Maria Marasigan, 35, New York, USA
So why are you here?
In all the years that these typhoons have been happening in the Philippines, there still isn’t a system, or some kind of preparedness, or a change in how rebuilds happen and what relief is like here. The government supports the people in a very hand out, reactive, short-term way.
Having done the Earthship internship in November, I saw how waste is used for housing, the systems of water catchment, solar, and all of these things that are really looking at the long-term and self-sufficiency. Having less dependency on a government that doesn’t really serve you. Not just here in the Philippines, but everywhere, all over the world, including the United States. After disasters like Katrina and Sandy, people are still waiting for relief when they should already be rebuilding, and that still isn’t happening.
I know you’re not an engineer, but does it seem like this sort of structure is more likely to actually withstand a typhoon than what they’re building around here?
I do. Because of the materials being used. Each of those tires weighs three hundred pounds versus coco lumber and these thin sheets of tin that are on their roofs. The school that’s right there is standing still, but the roof has been taken away. Looking out the window from the airport, lots of concrete buildings that are square have fallen apart.
Walking around out here in the jungle I’ve seen plenty of concrete houses crumbled.
There are some signs in Barangay Hall of like, ‘Here’s how you rebuild,’ and it shows a transitional home, moving into a permanent home, but it’s still the same materials, just bigger. Not really looking at whether this will withstand a disaster so that when the next disaster comes the locals won’t have to rebuild again. Or at least you have to rebuild less of it.
Rebuilding every single year, you think about the costs of that, and investing in something for the long term. Maybe it’s actually the same price. So just do the labor once and live your life. Instead of struggling every single time when you’re already struggling on a daily basis.
The hard part for somebody around here is that initial investment. There’s not a Batug bank willing to loan them twenty thousand American dollars.
Right. Realistically, when you put all the numbers down, no. I don’t think anybody’s going to build that Windship. To speak honestly.
But Earthship does have another model that is residential, that uses almost no cement, and can use the coco lumber and bamboo. But that’s not what was built for this round. I also think that’s okay. Everything is a process and it takes a while.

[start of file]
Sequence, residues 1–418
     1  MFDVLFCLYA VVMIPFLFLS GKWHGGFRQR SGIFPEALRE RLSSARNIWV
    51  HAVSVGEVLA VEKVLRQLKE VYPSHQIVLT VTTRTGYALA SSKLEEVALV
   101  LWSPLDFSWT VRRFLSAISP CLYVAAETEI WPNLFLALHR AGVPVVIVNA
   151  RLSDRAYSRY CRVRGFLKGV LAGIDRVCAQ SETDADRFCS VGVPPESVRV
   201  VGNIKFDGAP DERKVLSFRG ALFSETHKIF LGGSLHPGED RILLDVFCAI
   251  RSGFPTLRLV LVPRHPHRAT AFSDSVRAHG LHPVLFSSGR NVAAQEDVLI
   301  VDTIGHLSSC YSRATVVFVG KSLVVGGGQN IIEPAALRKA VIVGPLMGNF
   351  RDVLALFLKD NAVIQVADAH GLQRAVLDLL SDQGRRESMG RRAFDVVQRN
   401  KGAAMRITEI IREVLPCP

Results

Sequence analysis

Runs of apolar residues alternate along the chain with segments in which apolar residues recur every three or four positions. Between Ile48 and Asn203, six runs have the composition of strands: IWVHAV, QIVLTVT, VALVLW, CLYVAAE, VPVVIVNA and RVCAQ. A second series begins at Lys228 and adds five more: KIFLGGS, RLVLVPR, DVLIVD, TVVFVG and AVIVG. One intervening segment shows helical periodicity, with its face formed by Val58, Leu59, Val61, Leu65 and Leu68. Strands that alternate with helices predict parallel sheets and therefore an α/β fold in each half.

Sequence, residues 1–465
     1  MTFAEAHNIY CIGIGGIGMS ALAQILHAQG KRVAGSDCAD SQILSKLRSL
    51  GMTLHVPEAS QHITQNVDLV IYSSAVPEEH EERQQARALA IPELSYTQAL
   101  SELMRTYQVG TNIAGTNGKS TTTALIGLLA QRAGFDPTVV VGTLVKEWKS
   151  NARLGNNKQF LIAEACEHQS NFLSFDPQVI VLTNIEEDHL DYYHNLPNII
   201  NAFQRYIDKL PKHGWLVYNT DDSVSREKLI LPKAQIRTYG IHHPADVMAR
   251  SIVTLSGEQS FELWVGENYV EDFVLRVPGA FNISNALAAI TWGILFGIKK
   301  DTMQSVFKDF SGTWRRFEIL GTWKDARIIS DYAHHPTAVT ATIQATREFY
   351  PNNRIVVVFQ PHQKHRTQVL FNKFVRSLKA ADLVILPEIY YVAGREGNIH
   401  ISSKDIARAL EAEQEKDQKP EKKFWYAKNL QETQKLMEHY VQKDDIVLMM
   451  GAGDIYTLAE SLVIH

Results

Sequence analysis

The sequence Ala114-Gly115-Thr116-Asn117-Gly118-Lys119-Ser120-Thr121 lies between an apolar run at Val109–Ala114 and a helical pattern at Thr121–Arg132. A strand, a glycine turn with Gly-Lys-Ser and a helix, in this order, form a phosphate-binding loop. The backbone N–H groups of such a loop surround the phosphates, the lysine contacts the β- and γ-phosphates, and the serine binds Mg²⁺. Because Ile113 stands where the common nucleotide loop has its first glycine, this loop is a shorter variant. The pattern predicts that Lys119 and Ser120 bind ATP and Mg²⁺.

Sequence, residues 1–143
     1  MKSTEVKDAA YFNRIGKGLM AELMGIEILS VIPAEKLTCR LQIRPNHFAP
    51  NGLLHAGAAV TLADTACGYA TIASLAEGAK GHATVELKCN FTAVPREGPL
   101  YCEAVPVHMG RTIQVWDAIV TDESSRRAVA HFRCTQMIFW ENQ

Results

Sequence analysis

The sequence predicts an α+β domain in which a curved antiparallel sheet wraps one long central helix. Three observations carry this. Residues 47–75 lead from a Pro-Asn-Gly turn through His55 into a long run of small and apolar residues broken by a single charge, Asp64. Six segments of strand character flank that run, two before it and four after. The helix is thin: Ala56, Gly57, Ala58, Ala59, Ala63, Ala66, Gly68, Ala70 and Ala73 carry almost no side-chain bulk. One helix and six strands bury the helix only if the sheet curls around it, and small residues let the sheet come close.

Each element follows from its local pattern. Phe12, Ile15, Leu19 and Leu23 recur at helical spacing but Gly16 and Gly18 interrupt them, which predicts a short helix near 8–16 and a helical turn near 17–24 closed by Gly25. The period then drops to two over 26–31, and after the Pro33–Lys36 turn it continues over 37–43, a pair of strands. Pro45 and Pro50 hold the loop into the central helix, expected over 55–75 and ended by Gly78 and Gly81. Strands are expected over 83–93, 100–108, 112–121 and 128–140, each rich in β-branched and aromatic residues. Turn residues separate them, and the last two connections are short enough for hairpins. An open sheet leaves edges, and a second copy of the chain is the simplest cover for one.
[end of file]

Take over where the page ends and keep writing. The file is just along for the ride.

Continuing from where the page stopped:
And this is going to be used for the community as an evacuation area and also classrooms?
Classrooms and also a training center for some of the different barangays around. Earth Village wants to have workshops.
To transition a little bit, we had Hurricane Sandy recently. It devastated much of the American East Coast which is hurricane prone just like this. Do you think, or do you hope, that you’ll start to see more designs like the Windship? I mean, we design cars to be aerodynamic. Why not houses? At least, in that area, or in the Midwest where we have tornados. Can you see that happening?
I definitely can see that happening. Especially when people put that price tag on it. Everyone works around money and cost. If you’re going to put up a hotel, you want it to last there for a long time. You also want to be able to tell your tourists that it’s a safe place to stay. Maybe it helps their insurance company to be like, I have these systems in my building similar to the Windship so there’s going to be less cost for my insurance premium. I can see it. I can see it functioning. It’s just a matter of people taking it on.
They have to embrace it.
Being innovative enough to not go, what can I build the fastest and make the quickest money. And I think there’s starting to be a shift. Even here, within the volunteers and visitors who have come. Governmental officials passing by. There’s interest. It’s just turning that interest into, what they’re actually going to support and what they’re actually going to do.